I found a profile of Chase, "Angel of the Ballet," from an August 1, 1948 newspaper supplement called The American Weekly. In it Chase's age is mentioned more than once as 47, and the writer implies that her birth occurred in 1901 when he tells us, "Seven-year-old Lucia Chase approached her father that day in 1908." Could the reporter, Jack Stone, have gotten it wrong?
Here's a little hint from a book by her son, Alex C. Ewing (Alex is referring to the year 1980 here):
She never admitted her age (in fact, she went to considerable lengths to conceal it), but claimed she acted this way for professional reasons: if everyone knew her true age, they might begin to question whether she was still capable of directing a major ballet company.Her son sets the record straight, her year of birth was 1897.
Yet there was probably a more fundamental explanation: like a great many people, Lucia was afraid of growing old. "Old" and "Lucia" were a contradiction in terms.
I wrote a profile of Lucia Chase for one of the "America's Notable Women" series books. In doing several women for the series I've found that there are times when the hardest fact to uncover is the exact year of birth!
In some cases the birth records no longer, or never did, exist. In other cases there are errors in the resources. And, in yet others, the answer is plain and simple vanity!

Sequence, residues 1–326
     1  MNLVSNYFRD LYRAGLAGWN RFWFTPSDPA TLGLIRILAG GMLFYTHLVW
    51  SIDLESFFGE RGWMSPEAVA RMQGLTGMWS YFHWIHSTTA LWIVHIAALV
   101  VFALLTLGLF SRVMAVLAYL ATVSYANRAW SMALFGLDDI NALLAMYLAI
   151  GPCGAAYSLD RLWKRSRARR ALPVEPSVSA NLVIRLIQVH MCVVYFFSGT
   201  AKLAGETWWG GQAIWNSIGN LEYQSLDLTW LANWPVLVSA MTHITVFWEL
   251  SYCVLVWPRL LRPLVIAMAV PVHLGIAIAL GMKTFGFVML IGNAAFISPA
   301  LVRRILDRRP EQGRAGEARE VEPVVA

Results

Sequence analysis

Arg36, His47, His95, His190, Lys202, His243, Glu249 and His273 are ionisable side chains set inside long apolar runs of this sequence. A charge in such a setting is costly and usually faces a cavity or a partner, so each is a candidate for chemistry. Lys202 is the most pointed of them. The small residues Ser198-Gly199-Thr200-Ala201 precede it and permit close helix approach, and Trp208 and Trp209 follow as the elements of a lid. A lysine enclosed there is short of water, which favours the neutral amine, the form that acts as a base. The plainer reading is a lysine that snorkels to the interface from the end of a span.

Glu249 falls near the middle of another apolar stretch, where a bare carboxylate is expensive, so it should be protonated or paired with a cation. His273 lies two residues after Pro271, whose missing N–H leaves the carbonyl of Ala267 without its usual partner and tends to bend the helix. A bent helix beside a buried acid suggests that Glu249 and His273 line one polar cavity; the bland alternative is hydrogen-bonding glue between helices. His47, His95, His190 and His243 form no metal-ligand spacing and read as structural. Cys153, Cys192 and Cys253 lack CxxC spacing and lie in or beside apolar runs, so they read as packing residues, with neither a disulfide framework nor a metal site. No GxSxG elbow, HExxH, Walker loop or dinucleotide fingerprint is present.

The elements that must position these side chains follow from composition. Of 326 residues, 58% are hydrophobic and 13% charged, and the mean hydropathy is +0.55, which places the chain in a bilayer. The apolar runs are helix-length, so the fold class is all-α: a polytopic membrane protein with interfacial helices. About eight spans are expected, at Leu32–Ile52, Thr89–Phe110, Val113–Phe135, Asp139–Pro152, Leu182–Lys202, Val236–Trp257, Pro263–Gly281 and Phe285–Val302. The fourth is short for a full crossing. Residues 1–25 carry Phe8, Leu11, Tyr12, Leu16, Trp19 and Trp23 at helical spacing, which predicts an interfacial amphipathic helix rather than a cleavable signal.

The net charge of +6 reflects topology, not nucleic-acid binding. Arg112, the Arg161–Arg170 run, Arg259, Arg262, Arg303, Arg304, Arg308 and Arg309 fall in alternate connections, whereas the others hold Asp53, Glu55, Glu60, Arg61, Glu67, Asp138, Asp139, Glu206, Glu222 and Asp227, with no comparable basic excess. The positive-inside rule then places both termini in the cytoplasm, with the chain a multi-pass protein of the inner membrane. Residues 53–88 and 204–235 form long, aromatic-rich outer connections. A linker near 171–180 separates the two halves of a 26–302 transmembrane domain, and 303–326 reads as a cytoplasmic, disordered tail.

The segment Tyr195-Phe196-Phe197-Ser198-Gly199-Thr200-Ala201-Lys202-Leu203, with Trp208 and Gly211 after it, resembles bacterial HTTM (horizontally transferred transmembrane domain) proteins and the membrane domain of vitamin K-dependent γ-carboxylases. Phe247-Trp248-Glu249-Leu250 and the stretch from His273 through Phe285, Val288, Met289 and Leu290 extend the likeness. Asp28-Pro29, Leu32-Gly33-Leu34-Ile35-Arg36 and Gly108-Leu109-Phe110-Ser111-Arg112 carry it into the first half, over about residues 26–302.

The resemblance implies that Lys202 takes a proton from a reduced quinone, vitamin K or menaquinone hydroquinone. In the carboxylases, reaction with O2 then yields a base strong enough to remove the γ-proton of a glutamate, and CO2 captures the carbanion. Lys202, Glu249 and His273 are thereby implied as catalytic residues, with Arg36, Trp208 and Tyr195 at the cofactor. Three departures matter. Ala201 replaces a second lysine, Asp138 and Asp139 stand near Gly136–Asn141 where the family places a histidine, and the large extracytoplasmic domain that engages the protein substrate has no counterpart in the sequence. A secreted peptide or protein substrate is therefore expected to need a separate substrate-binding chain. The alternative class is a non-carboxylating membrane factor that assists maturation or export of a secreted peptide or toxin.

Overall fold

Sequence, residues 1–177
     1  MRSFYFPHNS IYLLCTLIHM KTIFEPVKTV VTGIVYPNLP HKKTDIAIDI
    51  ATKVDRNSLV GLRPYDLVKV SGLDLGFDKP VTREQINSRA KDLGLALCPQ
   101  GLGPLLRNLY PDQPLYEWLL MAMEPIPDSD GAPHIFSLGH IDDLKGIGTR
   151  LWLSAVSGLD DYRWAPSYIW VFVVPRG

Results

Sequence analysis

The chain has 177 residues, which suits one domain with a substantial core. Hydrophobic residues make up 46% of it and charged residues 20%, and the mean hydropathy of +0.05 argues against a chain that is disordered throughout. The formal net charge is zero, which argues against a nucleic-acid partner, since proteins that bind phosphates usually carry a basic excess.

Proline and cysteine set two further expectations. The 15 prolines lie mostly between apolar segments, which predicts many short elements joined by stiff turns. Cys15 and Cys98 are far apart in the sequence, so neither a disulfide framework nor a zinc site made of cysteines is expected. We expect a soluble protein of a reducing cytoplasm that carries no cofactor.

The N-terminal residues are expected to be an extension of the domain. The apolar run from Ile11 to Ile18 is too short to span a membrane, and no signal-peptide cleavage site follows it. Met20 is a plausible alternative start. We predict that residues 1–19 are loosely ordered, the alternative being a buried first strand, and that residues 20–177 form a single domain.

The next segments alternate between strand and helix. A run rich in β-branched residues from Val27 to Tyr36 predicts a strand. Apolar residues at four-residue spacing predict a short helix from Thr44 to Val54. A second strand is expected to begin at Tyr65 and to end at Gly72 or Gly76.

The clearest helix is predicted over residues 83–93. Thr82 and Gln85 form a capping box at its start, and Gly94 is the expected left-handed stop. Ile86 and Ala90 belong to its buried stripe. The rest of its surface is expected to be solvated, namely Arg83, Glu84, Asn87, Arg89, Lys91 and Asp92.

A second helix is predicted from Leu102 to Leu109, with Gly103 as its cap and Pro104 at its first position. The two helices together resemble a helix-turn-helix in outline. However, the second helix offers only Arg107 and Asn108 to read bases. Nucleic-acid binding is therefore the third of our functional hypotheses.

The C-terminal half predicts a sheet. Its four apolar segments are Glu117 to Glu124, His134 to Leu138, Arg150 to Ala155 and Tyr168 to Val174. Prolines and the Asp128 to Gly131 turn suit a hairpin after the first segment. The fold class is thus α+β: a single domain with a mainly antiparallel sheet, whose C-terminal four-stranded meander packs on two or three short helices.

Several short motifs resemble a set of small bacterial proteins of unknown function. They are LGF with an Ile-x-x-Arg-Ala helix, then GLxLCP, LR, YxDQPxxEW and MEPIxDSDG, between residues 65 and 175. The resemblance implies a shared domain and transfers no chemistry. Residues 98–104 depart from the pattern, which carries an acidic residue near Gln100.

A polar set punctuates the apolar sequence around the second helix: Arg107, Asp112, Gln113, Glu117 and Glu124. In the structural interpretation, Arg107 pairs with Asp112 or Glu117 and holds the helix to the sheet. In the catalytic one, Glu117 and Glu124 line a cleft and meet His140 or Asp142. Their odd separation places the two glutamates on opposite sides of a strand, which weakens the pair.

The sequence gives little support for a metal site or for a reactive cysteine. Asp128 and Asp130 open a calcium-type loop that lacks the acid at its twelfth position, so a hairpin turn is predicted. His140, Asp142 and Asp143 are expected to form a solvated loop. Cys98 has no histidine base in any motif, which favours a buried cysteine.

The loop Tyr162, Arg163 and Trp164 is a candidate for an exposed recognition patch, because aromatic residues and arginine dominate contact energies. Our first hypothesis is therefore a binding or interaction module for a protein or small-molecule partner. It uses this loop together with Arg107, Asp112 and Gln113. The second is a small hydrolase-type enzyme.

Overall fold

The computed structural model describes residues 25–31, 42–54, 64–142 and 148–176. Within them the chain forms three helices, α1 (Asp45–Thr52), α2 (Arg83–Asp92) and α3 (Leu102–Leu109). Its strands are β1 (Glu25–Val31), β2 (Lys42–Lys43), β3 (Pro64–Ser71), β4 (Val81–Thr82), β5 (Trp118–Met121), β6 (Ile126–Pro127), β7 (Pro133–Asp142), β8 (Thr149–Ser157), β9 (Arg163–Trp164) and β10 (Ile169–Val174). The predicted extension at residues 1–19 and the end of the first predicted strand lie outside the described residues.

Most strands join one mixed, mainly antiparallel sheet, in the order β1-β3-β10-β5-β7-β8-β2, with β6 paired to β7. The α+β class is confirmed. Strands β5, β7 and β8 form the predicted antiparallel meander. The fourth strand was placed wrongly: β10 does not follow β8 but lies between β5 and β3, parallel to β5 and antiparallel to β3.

So, we writers do the best we can, but we can't always be certain, that's why you may find a "c" in front of a date on a woman's timeline. "C" is for circa meaning "around." For some women there is a way "around" the truth!
Here's another anecdote Ewing shared in his book: In 1983, his mother had a massive stroke and she was rushed to the hospital
At one point along the way, an attendant in the ambulance, anxious to find out how badly off she was, asked a few basic questions. What was her name? What day of the week was it? Lucia mumbled some answers that were barely intelligible until he asked her age.[By the way, in the photo on the book cover, Chase is 63 and still dancing!]
Quick as a flash, Lucia spoke up: "Who wants to know?"
"Well, then the doctor can ask me," she snapped, and shut her eyes.